Chad Simpson: Leading by Example
You won’t catch Chad Simpson sitting at his desk when there’s work to be done. The Printing Services Supervisor of the East Baton Rouge Parish School System (EBR Schools) likes to be out on the shop floor, working right beside his employees.
“I know how to run every piece of gear in the whole shop,” he says, matter-of-factly.
Simpson sees this as a great motivator for his team — but it’s also a fitting approach for a guy who’s spent his career working with his hands and learning to run a variety of equipment.
“If somebody asked me what my best skill is in life, it’s ‘show me once and I got it,’” he says.
That ability has served Simpson very well. It got him through college without much studying, he contends. He just listened to his instructors and remembered everything. That enabled him to work 40 hours a week in a grocery store through all four years at Southeastern Louisiana University, just down the road from his home back then in Springfield, Louisiana.
He graduated in 1997 with an industrial technology degree and a minor in math, then set his sights even higher.
“My plan was to be an engineer,” he says.
With this in mind, he enrolled in Louisiana State University’s mechanical engineering program. But his plans soon came crumbling down.
“Every semester my car would break down,” he recalls. Unable to get to Baton Rouge, he had to drop all his classes. “I just eventually gave up,” he laments.
Introduction to Printing
Simpson took a job with Xerox Business Systems, which supplied operators to the in-plant at Audubon Insurance. There, he got his introduction to the printing business.
“Soon as I came in I was learning how to run the printers, learning how to work the mainframe,” he says.
After a few years, XBS moved him to one of its other accounts, EBR Schools, where the company managed the copier fleet. Simpson was put in charge of the fleet and handled billing, ordering toner, maintenance, and other tasks.
“If someone had a problem with one of the walk-up copiers, I would go out and resolve the problem,” he says. “I learned how to fix and troubleshoot a lot of things.”
In his free time — and there was a lot of it — he worked in the school system’s in-plant or in its satellite copier center.
In 2006, the in-plant manager retired, and Simpson applied for the position. He was already well known around the school system and got the job, starting in January of 2007.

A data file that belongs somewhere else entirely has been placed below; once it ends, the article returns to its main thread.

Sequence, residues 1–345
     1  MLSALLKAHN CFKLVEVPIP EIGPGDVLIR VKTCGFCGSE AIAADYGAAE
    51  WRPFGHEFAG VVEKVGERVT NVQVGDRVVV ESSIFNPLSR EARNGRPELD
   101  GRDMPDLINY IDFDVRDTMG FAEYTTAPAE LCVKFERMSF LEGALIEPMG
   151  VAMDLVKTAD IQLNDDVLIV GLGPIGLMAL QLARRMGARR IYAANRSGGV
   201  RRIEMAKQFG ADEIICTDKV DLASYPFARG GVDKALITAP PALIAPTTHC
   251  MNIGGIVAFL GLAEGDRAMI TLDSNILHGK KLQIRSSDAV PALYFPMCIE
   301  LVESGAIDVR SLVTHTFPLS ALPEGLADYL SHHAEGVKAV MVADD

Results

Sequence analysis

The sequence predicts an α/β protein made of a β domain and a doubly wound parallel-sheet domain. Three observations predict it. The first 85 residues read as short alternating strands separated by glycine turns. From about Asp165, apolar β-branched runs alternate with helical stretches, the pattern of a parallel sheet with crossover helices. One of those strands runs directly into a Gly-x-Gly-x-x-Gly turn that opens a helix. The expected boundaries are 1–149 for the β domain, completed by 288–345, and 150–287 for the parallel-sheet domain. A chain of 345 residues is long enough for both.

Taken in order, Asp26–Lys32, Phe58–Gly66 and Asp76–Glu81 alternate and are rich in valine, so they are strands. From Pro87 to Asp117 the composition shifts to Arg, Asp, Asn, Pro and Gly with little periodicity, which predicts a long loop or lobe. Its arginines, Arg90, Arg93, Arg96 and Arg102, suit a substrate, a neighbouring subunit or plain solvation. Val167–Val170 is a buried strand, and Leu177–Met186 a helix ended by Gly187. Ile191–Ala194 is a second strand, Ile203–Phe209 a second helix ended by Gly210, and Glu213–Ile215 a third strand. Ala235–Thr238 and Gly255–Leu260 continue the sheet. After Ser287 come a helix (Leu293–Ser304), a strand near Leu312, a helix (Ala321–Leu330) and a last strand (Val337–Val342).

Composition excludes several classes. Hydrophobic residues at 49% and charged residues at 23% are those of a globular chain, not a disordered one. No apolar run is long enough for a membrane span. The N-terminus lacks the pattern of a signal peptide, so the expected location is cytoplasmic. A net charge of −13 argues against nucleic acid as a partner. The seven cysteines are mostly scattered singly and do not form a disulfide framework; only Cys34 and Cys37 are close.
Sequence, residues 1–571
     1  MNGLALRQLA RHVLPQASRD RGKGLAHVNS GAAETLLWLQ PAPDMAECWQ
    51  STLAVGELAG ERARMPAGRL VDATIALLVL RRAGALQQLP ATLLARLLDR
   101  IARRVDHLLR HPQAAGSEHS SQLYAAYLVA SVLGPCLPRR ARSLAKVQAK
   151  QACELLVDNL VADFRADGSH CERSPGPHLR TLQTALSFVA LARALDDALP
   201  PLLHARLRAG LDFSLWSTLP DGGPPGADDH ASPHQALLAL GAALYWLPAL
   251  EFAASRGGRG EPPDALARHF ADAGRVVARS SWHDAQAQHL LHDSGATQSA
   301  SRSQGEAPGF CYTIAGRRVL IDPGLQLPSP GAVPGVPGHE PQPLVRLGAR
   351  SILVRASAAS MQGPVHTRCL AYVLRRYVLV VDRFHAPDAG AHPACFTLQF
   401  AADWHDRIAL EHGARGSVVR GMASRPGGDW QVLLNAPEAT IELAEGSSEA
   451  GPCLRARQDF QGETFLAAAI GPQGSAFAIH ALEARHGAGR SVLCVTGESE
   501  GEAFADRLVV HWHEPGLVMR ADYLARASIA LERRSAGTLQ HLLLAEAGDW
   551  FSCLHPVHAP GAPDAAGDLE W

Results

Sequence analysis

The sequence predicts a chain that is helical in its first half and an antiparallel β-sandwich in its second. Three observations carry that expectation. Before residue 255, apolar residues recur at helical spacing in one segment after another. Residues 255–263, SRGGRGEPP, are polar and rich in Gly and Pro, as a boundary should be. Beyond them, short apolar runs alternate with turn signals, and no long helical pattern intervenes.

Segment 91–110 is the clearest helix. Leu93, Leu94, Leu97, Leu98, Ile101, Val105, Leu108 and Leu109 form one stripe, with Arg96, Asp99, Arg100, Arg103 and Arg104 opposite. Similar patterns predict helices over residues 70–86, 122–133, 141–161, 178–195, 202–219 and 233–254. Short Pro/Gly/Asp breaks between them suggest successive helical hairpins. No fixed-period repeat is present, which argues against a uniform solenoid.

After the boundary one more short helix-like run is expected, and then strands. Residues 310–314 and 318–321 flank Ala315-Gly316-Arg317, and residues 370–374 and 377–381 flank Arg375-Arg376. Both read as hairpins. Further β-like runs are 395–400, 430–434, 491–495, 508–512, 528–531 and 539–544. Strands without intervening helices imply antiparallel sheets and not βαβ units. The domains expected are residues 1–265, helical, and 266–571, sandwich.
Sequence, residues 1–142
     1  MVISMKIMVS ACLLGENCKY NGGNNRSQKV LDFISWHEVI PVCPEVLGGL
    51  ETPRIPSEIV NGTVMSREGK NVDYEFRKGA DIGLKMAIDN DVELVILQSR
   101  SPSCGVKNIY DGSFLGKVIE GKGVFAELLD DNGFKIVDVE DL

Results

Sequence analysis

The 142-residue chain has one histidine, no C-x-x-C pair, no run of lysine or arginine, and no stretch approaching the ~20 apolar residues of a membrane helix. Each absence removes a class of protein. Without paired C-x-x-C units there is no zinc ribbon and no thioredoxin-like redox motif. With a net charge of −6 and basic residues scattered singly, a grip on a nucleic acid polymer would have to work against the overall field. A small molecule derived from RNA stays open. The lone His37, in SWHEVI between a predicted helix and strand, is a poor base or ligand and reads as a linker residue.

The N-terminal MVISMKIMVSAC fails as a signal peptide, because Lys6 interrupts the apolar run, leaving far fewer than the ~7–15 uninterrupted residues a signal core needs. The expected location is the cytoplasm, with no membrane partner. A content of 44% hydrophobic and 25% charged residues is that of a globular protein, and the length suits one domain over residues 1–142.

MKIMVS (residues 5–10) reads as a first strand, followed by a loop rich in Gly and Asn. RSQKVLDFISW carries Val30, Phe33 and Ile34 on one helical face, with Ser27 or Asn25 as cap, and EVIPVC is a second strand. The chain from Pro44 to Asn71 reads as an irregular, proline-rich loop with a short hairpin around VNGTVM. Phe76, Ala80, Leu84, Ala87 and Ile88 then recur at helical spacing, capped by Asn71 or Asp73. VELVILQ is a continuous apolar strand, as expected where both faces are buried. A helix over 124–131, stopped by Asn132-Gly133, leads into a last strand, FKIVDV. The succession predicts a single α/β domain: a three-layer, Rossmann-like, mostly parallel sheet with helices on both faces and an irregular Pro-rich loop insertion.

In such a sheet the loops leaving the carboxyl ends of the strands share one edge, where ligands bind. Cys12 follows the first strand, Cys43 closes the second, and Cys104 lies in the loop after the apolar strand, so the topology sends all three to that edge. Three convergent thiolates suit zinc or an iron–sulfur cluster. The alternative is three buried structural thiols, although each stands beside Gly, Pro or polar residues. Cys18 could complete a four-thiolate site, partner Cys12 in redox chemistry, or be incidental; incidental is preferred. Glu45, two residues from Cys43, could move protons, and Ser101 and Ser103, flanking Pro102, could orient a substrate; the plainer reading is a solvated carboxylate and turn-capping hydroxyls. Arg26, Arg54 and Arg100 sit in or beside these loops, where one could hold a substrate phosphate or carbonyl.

The in-plant at the time had five employees, a pair of Xerox DocuTechs, a DocuColor 12, and three offset duplicators. Simpson’s first move was to add a two-color Heidelberg Quickmaster in 2007 to print brochures, booklets, letterhead, and envelopes. He learned to run the press himself.
“I probably ran that until … 2015,” he says. “At that point, everything switched over to digital. The color digital [equipment] got fast enough.”
Transitioning to Digital
The in-plant transitioned from Xerox to Océ printing equipment, and in 2016 it added an HP Indigo digital press.
By then the shop had moved into a new facility, a change that came about after Simpson got wind that a school program would be relocating and vacating its space. He asked to move the in-plant from its cramped quarters and got the green light. The new space was about 9,000 sq. ft. and included a loading dock.
“That gave us the ability to really go after the wide-format,” he says.
The in-plant added a CET Color 250 hybrid flatbed printer and a Kongsberg XN automated flatbed cutter and started printing on acrylic and aluminum composite.
“It took out the labor of having to print on vinyl and mount,” he notes.
With the flatbed cutter the shop started cutting stickers and wall graphics. Simpson later added an HP Latex printer.
“When COVID hit, we did a lot of social distancing signage,” he says.
The pandemic also underscored the in-plant’s value in other ways. The shop had been printing some school curriculum materials on the Indigo, and when COVID supply chain issues hit, “the only people that delivered their books on time was the print shop,” Simpson says.
This success led to discussions about having the in-plant print school curriculum materials for all 90 schools, sending Simpson on a quest to find a print technology that could handle this much volume. Though the in-plant installed a Canon imagePRESS V1000 color production digital press last summer, Simpson knew the shop would need even more firepower to produce high volumes of curriculum work. The project is still in the planning stages.
Looking back at his career in the printing industry, Simpson feels he made a good choice.
“I would do it again,” he says.
He’s most proud that his in-plant has been able to survive all these years under his direction.
“I’ve been here 17 years. There’s never been talk about eliminating the print shop,” he says. “Everyone in the district seems to be happy with what we’re doing.”
Outside of work, Simpson and his wife Nickie stay busy watching their son and daughter’s high school sporting events. They are all looking forward to a cruise to Belize and Cozumel with their extended family.
Related story: Automated Contour Cutting in the In-plant
Bob has served as editor of In-plant Impressions since October of 1994. Prior to that he served for three years as managing editor of Printing Impressions, a commercial printing publication. Mr. Neubauer is very active in the U.S. in-plant industry. He attends all the major in-plant conferences and has visited more than 170 in-plant operations around the world. He has given presentations to numerous in-plant groups in the U.S., Canada and Australia, including the Association of College and University Printers and the In-plant Printing and Mailing Association. He also coordinates the annual In-Print contest, co-sponsored by IPMA and In-plant Impressions.